I received a call yesterday from a phone number listed as being from New York. It was to my cellphone and they left a voicemail. It was a recording telling me my Social Security number had been suspended due to possible fraud. Another TFB Associate received the same type of call today. The phone number doesn’t matter, it was faked anyway. Of course it was an attempted scam. Neither one of us even receives Social Security yet, though she had just changed her name with the Social Security Administration. You can see why she was a bit concerned though, she had just been in contact with them.
- The Social Security Administration would not call you, they send letters
- The scam tries to build up a feeling of urgency
- The scammer, had we talked to them, would have required us to verify our full SSN and, likely, would have required some sort of “fee” payment to unfreeze our numbers
All well designed scams require three things: speed, greed and details.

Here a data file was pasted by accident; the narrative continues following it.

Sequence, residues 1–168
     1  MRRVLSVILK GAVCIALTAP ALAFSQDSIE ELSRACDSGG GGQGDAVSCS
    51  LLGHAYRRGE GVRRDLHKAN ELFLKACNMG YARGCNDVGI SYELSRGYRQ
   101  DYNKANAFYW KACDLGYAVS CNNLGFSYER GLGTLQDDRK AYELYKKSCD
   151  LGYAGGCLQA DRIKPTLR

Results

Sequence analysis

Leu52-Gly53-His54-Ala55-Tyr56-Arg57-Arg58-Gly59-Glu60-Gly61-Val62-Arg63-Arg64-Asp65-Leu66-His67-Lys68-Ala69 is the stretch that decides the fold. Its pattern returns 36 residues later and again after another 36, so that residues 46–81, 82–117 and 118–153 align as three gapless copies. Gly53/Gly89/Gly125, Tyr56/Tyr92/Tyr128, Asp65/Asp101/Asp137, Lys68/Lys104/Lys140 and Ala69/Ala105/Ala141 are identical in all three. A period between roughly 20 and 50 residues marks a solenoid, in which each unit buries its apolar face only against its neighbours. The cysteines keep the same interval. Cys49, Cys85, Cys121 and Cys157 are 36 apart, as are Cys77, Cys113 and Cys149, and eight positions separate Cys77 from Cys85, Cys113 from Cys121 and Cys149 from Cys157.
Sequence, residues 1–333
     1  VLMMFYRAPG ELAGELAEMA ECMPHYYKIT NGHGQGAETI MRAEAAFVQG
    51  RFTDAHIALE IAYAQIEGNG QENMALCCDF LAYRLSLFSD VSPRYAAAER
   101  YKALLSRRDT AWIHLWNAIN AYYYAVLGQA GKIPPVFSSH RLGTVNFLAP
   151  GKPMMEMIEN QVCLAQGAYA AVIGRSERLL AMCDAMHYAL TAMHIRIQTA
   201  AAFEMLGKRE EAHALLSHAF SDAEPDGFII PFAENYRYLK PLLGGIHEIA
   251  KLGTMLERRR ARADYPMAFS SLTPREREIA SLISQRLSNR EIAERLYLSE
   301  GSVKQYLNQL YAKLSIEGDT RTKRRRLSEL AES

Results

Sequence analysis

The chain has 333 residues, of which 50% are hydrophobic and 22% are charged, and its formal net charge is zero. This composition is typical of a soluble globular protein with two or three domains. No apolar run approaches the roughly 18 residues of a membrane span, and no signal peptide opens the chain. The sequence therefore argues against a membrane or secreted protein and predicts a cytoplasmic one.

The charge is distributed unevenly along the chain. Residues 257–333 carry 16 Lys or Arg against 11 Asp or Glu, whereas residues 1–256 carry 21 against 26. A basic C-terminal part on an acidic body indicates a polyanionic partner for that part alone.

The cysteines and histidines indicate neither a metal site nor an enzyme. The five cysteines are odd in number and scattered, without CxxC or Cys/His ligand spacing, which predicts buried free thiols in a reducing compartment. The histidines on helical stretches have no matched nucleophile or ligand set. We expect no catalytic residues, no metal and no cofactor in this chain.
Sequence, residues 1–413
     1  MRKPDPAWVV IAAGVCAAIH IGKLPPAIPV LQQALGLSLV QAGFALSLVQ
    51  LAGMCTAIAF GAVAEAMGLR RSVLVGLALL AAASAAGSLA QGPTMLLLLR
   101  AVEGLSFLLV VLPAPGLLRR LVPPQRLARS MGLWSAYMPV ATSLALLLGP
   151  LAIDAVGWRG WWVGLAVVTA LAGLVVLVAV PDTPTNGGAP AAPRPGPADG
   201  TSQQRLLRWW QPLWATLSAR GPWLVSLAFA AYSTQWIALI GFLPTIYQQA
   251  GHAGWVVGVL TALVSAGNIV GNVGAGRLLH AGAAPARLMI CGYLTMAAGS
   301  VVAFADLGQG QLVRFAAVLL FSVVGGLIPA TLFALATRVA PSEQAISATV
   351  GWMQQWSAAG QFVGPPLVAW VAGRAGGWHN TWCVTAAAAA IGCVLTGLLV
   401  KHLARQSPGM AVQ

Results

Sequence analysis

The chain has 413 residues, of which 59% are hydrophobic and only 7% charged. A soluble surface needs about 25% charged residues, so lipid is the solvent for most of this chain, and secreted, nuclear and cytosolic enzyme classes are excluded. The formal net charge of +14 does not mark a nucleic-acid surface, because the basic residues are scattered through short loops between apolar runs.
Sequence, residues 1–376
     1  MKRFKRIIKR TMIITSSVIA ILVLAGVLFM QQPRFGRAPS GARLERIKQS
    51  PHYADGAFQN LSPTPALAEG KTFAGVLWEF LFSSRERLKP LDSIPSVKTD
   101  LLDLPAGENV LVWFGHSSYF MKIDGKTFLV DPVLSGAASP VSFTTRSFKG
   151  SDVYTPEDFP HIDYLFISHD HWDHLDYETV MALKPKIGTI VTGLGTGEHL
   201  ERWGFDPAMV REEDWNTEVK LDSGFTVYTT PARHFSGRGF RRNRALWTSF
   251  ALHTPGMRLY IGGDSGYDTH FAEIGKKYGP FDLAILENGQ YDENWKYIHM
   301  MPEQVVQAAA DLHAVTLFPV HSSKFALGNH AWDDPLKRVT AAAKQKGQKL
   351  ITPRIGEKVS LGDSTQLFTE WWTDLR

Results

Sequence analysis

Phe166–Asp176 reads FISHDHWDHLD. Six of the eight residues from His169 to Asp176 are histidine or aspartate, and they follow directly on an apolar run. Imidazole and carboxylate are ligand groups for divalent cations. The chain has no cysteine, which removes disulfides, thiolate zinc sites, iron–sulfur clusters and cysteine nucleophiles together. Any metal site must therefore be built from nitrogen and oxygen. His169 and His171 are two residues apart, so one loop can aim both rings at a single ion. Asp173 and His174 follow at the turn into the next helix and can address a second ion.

Speed: ACT NOW!!! Winnings expire, your next Social Security payment won’t arrive on time, you missed a court date you didn’t know about and the police are on the way to get you.
Greed: The scammers are greedy or they entice you with “winnings.” Either way, there is always an aspect of “What’s in it for me?”
Details: Too many details, more than you need for what you are being asked to do. You are told of a supposed compromise, not to tell others, never tell your banker (they might want a piece of your winnings). They will even have a convoluted reasoning as to why the payment must be in the form of a gift card.
You think you wouldn’t fall for such a scam? I was laughing about it yesterday, telling my wife. Her response was “Did you call them back? Maybe it was real.” My wife hears me talk about these scams all the time and was still concerned. What might your elderly friends, relative or customers think? They likely depend on the monthly payment. Please help in spreading the word.